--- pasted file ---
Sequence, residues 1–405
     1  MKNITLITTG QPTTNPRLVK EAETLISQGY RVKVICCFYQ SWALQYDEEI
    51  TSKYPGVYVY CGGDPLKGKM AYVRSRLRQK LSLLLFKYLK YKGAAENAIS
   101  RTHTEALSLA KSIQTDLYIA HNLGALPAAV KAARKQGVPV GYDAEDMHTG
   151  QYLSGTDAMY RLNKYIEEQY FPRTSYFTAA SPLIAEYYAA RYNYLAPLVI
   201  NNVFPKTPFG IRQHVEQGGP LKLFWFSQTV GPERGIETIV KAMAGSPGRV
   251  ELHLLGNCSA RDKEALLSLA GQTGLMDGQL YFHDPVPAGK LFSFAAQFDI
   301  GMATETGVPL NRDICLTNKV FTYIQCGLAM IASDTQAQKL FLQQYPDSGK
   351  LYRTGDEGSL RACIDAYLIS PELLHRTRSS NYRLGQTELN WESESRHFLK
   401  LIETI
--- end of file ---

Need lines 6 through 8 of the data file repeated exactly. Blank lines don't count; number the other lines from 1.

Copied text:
   201  NNVFPKTPFG IRQHVEQGGP LKLFWFSQTV GPERGIETIV KAMAGSPGRV
   251  ELHLLGNCSA RDKEALLSLA GQTGLMDGQL YFHDPVPAGK LFSFAAQFDI
   301  GMATETGVPL NRDICLTNKV FTYIQCGLAM IASDTQAQKL FLQQYPDSGK